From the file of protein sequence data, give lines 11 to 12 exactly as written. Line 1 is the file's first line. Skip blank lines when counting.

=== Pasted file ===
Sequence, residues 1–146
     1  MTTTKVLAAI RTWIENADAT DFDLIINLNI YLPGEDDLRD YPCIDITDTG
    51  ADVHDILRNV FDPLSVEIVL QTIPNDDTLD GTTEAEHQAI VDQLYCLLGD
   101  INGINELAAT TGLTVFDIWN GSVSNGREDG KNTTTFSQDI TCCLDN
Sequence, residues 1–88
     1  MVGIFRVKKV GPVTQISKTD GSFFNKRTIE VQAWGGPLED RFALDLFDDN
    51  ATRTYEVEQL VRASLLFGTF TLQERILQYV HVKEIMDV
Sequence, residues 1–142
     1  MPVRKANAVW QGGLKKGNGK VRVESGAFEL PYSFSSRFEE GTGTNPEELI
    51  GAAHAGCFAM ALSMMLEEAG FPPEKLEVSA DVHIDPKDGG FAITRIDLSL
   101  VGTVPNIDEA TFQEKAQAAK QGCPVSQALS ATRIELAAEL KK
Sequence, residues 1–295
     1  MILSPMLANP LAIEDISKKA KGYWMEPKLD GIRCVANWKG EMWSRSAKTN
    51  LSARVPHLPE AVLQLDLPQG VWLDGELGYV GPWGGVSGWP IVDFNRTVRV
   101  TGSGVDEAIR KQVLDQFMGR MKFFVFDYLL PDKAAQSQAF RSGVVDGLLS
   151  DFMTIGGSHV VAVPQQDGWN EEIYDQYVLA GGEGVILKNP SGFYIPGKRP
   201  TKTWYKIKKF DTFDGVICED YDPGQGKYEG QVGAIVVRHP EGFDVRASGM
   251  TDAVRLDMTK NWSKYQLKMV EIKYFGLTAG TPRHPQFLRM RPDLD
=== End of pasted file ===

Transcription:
   101  VGTVPNIDEA TFQEKAQAAK QGCPVSQALS ATRIELAAEL KK
Sequence, residues 1–295